As a payment model, the company relies on the sale of licenses. The customer pays a one-time fee and can then use the software indefinitely. Other costs are not incurred. The company offers licenses in the four flavors of Business, Premium, Corporate and Enterprise. A business license enables customers to use it on up to three devices. There is also a session channel with unlimited endpoints and the basic functions of a management console. For Premium or Corporate editions for this remote desktop from linux software it can allow more devices and the management console offers correspondingly more functions. The Enterprise model finally fulfills individual requirements for large corporations and service companies by arrangement.
Anydesk Software GmbH in Stuttgart is still a relatively young company and was founded in 2014 by three former Teamviewer employees who believe they can create a better product. In the same year, Anydesk appeared as a beta version for Windows XP, 7, 8. x and 10. The Windows version can also be started simply by clicking on the exe file, which is only around 1 MB in size, and is therefore portable.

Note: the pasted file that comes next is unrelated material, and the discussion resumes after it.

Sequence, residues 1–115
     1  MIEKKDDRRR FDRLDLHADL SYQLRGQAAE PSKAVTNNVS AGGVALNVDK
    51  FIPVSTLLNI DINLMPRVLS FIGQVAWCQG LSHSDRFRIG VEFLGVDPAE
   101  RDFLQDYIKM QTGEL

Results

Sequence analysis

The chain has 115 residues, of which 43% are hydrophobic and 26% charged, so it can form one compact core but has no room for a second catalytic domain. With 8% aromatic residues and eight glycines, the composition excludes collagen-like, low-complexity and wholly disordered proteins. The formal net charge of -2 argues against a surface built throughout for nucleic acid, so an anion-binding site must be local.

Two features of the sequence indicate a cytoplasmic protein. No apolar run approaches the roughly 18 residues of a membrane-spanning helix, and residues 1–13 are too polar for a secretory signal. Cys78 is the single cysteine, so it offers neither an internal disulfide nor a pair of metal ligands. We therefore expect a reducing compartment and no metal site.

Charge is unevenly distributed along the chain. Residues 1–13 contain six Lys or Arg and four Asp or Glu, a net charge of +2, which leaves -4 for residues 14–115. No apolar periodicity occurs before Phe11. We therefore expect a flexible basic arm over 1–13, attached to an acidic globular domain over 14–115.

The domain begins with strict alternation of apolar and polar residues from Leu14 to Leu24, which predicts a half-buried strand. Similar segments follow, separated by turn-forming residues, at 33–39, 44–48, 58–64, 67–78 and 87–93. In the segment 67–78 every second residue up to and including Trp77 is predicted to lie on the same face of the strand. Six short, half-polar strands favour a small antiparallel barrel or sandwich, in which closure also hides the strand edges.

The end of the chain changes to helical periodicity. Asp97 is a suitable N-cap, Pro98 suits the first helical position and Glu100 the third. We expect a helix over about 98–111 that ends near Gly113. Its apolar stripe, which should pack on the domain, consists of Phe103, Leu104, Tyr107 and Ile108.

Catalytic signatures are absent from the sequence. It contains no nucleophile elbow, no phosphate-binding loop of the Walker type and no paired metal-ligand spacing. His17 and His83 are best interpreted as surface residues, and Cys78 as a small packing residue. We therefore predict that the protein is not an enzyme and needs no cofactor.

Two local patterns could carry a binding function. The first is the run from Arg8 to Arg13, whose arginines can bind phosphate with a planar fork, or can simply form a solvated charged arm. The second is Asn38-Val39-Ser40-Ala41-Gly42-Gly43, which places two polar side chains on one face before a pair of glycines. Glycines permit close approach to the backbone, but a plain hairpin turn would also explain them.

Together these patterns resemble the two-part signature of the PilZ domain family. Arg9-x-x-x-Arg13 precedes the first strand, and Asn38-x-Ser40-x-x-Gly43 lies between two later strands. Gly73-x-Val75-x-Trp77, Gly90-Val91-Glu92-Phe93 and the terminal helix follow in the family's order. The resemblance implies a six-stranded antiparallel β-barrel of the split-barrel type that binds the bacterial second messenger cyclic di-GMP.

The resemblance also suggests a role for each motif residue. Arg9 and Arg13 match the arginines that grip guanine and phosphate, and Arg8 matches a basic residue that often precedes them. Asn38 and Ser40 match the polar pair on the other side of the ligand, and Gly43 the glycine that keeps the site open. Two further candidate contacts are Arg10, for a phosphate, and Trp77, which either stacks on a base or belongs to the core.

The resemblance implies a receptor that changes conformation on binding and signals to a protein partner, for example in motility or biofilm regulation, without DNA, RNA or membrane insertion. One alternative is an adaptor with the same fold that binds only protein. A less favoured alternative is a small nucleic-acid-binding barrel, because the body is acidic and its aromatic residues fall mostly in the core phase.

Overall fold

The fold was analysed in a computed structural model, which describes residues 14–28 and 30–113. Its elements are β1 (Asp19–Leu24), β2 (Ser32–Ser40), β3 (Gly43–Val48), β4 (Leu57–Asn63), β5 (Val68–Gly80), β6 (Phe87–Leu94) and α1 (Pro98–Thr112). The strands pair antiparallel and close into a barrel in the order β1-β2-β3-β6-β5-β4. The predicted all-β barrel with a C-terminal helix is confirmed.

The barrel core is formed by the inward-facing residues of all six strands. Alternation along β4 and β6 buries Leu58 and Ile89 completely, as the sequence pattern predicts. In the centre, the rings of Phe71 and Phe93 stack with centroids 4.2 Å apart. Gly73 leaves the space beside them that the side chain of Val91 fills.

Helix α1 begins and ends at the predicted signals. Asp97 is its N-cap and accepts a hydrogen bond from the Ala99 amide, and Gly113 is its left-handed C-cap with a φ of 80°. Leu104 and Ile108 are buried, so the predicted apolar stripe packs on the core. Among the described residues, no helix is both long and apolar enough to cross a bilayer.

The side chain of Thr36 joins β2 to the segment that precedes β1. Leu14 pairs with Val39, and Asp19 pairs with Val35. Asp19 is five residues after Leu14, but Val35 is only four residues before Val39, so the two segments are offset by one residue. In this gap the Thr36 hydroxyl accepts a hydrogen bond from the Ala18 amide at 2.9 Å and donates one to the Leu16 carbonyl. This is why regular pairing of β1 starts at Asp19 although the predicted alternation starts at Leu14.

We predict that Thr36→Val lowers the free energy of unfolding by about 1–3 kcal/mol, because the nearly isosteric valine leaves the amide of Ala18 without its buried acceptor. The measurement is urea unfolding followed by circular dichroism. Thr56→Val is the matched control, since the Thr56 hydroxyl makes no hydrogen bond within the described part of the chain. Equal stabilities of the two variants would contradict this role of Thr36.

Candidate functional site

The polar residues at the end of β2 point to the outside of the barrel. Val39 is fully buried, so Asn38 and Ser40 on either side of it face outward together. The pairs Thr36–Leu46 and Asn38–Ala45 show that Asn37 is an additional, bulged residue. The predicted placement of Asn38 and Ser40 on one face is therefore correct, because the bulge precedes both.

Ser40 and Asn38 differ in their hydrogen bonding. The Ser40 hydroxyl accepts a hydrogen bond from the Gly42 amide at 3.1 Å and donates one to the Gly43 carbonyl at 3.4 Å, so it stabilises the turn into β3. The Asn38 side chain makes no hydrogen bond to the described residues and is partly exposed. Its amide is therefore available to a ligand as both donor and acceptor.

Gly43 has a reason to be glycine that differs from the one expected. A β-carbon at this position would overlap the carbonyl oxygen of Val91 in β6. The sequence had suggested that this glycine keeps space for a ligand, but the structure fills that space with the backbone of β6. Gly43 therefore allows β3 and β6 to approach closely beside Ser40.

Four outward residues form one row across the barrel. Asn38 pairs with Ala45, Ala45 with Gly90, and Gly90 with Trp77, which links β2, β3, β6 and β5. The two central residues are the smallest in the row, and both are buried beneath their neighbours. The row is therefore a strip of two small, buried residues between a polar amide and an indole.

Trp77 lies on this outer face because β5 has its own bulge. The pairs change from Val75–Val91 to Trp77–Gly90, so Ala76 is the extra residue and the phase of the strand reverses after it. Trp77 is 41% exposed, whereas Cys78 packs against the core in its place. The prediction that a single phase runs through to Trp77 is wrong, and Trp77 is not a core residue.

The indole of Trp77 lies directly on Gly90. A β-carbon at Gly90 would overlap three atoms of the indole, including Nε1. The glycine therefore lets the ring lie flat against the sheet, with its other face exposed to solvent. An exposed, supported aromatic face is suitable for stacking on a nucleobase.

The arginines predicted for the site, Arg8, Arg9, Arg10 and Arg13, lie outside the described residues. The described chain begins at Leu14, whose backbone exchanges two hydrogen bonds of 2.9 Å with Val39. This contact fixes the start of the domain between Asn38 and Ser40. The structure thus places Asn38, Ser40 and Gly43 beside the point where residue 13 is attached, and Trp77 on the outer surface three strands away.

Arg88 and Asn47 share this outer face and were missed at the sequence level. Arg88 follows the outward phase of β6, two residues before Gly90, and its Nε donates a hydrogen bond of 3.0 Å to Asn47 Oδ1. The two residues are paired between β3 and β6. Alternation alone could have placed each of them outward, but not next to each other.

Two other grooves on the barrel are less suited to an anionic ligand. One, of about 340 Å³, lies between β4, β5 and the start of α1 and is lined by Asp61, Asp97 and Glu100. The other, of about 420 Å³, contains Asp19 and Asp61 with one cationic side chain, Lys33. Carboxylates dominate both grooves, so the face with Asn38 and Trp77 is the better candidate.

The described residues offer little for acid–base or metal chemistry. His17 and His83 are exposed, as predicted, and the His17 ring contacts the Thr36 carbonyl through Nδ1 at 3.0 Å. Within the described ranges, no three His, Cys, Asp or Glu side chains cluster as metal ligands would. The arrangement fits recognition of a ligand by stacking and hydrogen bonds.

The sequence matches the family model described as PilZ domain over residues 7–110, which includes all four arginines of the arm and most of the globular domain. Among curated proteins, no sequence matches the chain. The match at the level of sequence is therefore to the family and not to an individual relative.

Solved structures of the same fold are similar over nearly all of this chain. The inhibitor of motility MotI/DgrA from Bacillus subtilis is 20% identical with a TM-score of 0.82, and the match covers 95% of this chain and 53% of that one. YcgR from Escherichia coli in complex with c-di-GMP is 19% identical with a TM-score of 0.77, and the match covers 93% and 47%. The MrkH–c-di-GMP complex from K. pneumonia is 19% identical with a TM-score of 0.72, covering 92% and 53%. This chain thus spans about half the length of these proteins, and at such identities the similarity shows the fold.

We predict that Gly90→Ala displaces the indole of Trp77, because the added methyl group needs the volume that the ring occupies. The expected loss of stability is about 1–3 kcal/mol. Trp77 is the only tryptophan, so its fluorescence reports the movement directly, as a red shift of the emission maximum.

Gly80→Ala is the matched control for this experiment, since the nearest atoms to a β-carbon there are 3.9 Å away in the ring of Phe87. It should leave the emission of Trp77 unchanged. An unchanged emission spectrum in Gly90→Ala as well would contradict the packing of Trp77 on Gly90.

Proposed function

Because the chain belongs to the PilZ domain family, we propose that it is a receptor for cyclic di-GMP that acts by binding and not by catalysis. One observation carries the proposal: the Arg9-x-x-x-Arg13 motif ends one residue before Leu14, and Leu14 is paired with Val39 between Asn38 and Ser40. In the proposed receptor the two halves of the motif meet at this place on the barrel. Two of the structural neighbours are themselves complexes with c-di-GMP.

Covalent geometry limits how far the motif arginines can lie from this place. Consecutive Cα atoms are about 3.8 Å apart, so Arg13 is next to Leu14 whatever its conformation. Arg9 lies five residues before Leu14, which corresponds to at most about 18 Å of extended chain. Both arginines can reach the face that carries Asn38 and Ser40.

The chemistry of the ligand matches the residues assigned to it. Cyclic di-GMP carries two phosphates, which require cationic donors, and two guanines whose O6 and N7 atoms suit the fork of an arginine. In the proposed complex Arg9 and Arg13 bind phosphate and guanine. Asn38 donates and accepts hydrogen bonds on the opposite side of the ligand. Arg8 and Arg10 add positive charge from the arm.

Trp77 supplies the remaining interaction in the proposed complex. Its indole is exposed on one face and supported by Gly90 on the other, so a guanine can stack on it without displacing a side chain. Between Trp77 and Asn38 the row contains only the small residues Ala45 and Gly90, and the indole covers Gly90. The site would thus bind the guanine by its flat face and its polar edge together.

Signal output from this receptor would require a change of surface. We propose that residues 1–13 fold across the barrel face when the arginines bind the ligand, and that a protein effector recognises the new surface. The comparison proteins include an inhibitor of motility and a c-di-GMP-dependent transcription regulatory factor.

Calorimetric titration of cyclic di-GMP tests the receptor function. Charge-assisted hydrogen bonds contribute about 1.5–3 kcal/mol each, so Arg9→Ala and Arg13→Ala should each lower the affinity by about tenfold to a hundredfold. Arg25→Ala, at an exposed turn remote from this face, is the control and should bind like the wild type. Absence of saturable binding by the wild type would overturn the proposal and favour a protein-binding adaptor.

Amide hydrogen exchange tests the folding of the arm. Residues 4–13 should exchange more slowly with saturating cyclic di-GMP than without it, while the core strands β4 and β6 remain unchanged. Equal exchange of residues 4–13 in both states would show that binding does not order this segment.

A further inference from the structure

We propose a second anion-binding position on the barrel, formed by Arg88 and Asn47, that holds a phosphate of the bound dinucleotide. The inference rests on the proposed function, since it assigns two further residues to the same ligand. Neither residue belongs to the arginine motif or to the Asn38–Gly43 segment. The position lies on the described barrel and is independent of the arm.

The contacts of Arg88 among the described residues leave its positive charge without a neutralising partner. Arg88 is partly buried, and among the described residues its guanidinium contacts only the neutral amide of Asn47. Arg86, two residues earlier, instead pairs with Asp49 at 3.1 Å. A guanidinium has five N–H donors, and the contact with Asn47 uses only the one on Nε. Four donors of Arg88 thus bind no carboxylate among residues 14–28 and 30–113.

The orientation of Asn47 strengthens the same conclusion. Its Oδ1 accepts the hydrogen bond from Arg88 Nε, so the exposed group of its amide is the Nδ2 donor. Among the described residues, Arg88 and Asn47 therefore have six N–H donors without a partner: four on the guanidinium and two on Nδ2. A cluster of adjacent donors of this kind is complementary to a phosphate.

Anydesk is now also available in stable versions for Linux and BSD. Linux admins can look forward to native versions (each for 32 and 64 bit systems) for Debian, Ubuntu, Fedora, RHEL, Mageia, Open Suse and SLES as well as a generic Linux version this makes this software one of the to go remote desktop from linux softwares. A Mac version and apps for Apple and Android tablets are planned.
While ease of use is certainly a subjective question, the Anydesk makers are very well placed in terms of the speed and quality of the transmitted desktops. A proprietary protocol that transmits the data with Desk-RT helps you connect seamlessly to remote desktops from linux.